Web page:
I’m surely not the only one who smells certain things which trigger memories. Sometimes I really have to work out to work out exactly what it is I’m remembering, other times I don’t. Usually though, I do get a very strong sense of place and the emotions I would feel around the same time. It’s difficult to explain sometimes why I like the smell of certain things that other people find really strange or don’t even think about, so I’ve decided to write about them.
This is the first.
“Yuck, I hate that smell. Those places shouldn’t be allowed to operate if they stink the place up that much, they’re nothing but sweat shops anyway”.
I smiled. “I like it”.
My friend turned to me, incredulous. “Why?”
“It reminds me of being a kid”.
“What possible hell did you grow up in where you would be subjected to that stench?”
I closed my eyes and inhaled the acrid smell deeply as little flashes of memories ran through my mind.
I’m taken back to the time when I first remember it. We would have races through our huge backyard, daring each other to run to the stables behind our house in the dark when it was scary to be outside. We’d climb onto the roof of the woodsheds, made from a corrugated iron water tank cut in half and slide down the covex edges into the dirt as as our dad would chop the wood with a huge axe. We turned the debris of the deforestation of our front yard into our own private jungle, jumping through tunnels of twisted branches and diving into piles of leaves with reckless abandon. We hijacked our parents attempt at replanting by sitting in the holes dug for their new trees and turning them into mudbaths. I would ride around the lake with my dad and I remember the day when I lost control riding down the main street and had a huge crash. We’d have yabbie races at school and I’d spend weekends at my friend’s farm climbing haystacks or turning the twisted chicken wire in the old coops into hammocks. We’d have to drive to the next town to do our shopping and a hundred kilometres away to find a proper library.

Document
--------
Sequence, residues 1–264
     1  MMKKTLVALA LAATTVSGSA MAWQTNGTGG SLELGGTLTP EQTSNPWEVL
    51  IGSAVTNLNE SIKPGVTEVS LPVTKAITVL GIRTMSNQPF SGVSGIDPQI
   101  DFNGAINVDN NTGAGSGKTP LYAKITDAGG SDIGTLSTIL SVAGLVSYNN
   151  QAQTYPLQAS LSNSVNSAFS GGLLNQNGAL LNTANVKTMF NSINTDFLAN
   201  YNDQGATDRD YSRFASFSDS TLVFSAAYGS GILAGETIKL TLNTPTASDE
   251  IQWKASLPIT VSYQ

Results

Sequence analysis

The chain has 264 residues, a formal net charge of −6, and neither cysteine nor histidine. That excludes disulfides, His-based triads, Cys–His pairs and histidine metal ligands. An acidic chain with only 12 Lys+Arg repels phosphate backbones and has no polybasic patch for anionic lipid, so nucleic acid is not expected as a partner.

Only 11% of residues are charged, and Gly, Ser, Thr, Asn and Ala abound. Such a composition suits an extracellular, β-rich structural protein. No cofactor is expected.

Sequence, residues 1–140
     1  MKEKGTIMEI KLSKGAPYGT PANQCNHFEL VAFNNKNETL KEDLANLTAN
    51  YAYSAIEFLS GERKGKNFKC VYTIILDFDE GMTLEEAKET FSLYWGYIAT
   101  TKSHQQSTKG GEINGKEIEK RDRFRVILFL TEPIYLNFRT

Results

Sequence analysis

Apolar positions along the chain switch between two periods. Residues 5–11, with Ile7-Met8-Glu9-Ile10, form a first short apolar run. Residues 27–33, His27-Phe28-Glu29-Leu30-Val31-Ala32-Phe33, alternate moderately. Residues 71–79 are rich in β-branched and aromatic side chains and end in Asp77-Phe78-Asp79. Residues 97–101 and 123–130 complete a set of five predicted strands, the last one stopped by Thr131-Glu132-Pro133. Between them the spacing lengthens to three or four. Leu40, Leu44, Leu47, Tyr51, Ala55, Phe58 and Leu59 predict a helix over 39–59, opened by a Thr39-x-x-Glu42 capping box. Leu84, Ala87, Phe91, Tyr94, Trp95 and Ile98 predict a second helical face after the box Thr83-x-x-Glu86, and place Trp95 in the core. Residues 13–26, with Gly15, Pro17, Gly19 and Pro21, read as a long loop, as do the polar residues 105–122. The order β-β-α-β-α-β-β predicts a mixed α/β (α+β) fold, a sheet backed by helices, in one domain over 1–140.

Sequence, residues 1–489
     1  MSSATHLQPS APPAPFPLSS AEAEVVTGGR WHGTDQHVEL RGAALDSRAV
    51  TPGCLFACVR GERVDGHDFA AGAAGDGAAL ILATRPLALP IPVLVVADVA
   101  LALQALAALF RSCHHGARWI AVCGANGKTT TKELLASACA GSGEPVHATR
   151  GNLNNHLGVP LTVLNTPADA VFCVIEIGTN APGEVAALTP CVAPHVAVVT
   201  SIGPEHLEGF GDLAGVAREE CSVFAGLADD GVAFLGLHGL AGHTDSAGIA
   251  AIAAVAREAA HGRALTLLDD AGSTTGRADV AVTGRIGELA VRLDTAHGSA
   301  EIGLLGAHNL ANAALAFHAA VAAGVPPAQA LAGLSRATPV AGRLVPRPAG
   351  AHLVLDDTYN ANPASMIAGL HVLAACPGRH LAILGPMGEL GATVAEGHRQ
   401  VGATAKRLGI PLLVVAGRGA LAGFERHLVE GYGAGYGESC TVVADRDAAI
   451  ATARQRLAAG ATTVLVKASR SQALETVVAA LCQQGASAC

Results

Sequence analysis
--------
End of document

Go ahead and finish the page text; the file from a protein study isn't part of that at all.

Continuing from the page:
But mostly, when I smell that pungent smell, I see rows upon rows of teeth. Brown teeth, yellow teeth, white teeth, moulds of people’s mouths with missing teeth, more teeth than a child’s eye could comprehend. Raw flames melting hard sheets of pink acrylic over mounds of chalky gums while the man in the big white coat sticks teeth into them – my dad, and the first time I ever saw him working.
We lived in a very small town called Boort in Victoria, population approximately 900. Although I do remember clearly the years before we moved there (I was only 5), it’s where my mind associates being a kid, probably because that’s where I started school and made my first proper friends. My dad was the only dental technician outside the metropolitan area and I’m pretty sure that to this day, 20 years after we left, they still haven’t managed to fill his position. I know they hadn’t when I visited in 2006.